NM: At the end of the day, I am a lover and a lover of people. I love this area of law, because I want to help my clients, hug my clients, inspire them and tell them that this too shall pass. I’ve been through a divorce, myself. When you sit there and tell your story and they see you as somewhat of a bright light, the common response is usually, “Well if you can do it, so can I!” That’s a beautiful thing.
TMP: After the Covid-19 pandemic began, you launched a life coaching practice independent of the services of your law firm. How did this pivot come about?
NM: You know when I started doing the Instagram thing like three years ago I would get hundreds of inboxes where people would stay ‘thank you for this message’, and ‘I would really like to speak to you’. I felt like it was a calling from God who was telling me, “you need to do this, you need to be able to communicate with these women all over the world.” There is a yearning for people to communicate with somebody who is non-judgmental, who will offer positive advice that helps them regain their personal spark. When I thought about what this work would look like, I was thinking to myself ‘they can’t come into my law firm – I have to create something else’. Not to mention, I didn’t have much free time to dedicate to another activity.
After the pandemic started and life outside of work slowed down, I had a lot of quiet time to think about one-on-one coaching, and how I could structure the experience. It immediately became clear that it was time to officially start this work and connect with the women who needed the service. I’ve wanted to do this for a long time, and it is precisely what I want to do for the rest of my life. I truly love it.
TMP: You have created an inspiring community on Instagram and have extended the uplifting message you offer there to your one-on-one coaching service. What is the most important point for new followers to understand about the platform you are building?
NM: A lot of people feel so hopeless in this world. And I always try to encourage people to know that this is a temporary feeling you can change at any point in your life. We have options. There is the option to click on the light or we can choose to click off the light, and it’s up to you to do that.
TMP: What themes best capture the interest of your audience?
NM: The two most common themes are “Who am I?” and “What am I here to do?” They always feel like they are here to do more. And because they get caught up in ‘what mommy wants me to be’, or get caught up in ‘what I think I should be doing’, they don’t know that they have strayed away from who they really are.
TMP: How has resilience played out in your life as a Black woman in a white male dominated industry and society?
NM: It was a bit intimidating when I first started litigating before and against white male judges and opposing counsels. At times I overcompensated. I didn’t know when to shut up; I arrived overly prepared; and I overthought matters. I felt that my white colleagues would look down at me and treat me condescendingly, because I am a black woman. I’ll never forget one day when a judge called me to his bench after a case and said to me, “Listen, you’re a very smart young lady. You need to learn when to end. When a judge has told you you’ve won, you’ve won. You don’t need to overcompensate, you are perfect the way you are.” And that statement sticks with me to this day.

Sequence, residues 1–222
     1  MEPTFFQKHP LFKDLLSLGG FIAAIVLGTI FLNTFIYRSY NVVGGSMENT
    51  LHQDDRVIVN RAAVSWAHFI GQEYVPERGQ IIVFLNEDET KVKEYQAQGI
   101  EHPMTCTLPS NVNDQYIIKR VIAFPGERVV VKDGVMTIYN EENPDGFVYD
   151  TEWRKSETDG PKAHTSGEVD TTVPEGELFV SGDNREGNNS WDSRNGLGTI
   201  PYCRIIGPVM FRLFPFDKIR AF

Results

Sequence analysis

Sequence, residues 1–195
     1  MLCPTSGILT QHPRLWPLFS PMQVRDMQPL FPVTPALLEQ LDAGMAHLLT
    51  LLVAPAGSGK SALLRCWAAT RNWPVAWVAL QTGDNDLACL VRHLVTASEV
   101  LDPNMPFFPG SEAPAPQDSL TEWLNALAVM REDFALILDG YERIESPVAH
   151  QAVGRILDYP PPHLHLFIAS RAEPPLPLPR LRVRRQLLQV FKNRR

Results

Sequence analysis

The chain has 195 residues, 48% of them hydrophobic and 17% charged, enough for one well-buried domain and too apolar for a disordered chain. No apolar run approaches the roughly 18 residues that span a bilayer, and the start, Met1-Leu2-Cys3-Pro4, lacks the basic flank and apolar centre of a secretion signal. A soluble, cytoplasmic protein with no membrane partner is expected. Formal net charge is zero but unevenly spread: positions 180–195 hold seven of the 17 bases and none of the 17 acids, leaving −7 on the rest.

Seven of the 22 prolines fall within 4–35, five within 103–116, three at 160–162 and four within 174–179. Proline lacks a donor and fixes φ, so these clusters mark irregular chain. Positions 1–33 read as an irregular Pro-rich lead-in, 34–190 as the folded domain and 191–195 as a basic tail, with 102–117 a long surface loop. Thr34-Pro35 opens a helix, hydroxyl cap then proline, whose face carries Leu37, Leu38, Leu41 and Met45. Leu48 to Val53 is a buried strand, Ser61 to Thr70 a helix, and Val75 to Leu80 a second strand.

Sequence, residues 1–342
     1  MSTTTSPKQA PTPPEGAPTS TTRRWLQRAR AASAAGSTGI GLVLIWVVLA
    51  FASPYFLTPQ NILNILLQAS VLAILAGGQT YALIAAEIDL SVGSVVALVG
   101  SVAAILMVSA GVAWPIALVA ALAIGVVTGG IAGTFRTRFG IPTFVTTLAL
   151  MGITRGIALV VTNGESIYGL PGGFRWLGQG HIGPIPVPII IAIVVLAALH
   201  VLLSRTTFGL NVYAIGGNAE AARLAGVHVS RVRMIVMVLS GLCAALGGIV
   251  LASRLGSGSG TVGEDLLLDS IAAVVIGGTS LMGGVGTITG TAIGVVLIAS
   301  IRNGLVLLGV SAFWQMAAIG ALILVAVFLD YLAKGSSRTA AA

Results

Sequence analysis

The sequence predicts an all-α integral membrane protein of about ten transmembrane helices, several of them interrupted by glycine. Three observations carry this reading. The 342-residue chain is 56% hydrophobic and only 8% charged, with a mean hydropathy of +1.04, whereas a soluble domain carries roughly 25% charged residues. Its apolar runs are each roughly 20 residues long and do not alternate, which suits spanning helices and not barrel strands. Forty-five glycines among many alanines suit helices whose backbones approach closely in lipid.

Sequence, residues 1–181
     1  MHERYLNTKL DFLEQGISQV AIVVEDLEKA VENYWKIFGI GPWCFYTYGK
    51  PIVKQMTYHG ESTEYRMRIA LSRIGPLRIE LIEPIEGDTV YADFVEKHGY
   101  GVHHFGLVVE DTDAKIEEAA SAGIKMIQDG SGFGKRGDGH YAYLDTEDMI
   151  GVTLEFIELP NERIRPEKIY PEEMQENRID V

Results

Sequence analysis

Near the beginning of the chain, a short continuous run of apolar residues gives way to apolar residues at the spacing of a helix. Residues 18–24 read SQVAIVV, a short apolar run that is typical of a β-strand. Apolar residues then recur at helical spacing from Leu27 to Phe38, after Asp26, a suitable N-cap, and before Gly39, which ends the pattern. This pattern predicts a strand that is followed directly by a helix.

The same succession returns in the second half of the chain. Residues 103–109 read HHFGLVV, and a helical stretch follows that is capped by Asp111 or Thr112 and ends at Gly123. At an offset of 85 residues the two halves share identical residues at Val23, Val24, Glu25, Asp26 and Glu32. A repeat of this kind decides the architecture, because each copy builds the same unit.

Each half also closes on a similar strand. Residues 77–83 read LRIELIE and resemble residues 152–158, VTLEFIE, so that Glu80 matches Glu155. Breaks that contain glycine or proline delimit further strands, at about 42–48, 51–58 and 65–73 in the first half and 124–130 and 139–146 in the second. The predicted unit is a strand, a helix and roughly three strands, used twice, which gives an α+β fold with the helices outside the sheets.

It led me to realize that all I had to do was come prepared, listen to myself, and as long as I was me, I would soar in my career. So as far as racism, sexism, and any other isms go, I don’t let them bother me. I’m here to advocate for my clients, and I’m always going to do that to the best of my ability.
TMP: In addition to your deep faith in God, is there anyone here on earth that inspires you spiritually, emotionally, and intellectually?
NM: My dad is a soldier. I inherited his work ethic. He stepped in to help his mother when his own father died when he was 10-years-old. He was the breadwinner of our immediate and extended family. After he moved from Jamaican to the United States, he brought over family members and provided a roof over their heads until they got their feet on the ground. He never complained or made excuses. He was an electrician, worked hard to raise five kids, saved his pennies and was able to help anyone else who was in need.
TMP: We cannot conclude this lovely conversation without talking about your exquisite style and taste. The runway pieces you wear in your daily inspirational posts always leave me screaming.
NM: People always ask me, “Where did you get your fashion sense from?” I always tell them that from the time I was born, I knew how to put things together elegantly. My mother was a seamstress when I was young and she taught me about beautiful clothes. When she did have an extra dollar or whatever she would go and buy me the most beautiful dresses.
After I started my career, I became a big shopper and created great relationships with the retail associates all over town. Over the years they have kept me up to date on all the season’s best sales. In fact, It’s gotten to the point where I never pay full price for even my most extravagant pieces. That’s been huge in curating the collection of beautiful clothes I have today.
TMP: Do you have a banner message for 2021?
NM: 2021 is about seizing the word focus. We get side tracked by so many things; bad relationships, rejection, closed doors, career failures, etc. When you focus on what you desire and not get caught up with the naysayers you will accomplish plenty. That’s how I’ve been able to maneuver into who I am today, because I’ve always just been so focused. I tell my clients that all the time. You have to learn how to be focused and accomplish what it is that you’re trying to do. When focusing on identifying and achieving what we are born to do, so many doors open. We just have to be focused enough to see it.
Images courtesy of Natasha Mayne, photographed by @williambeauplant.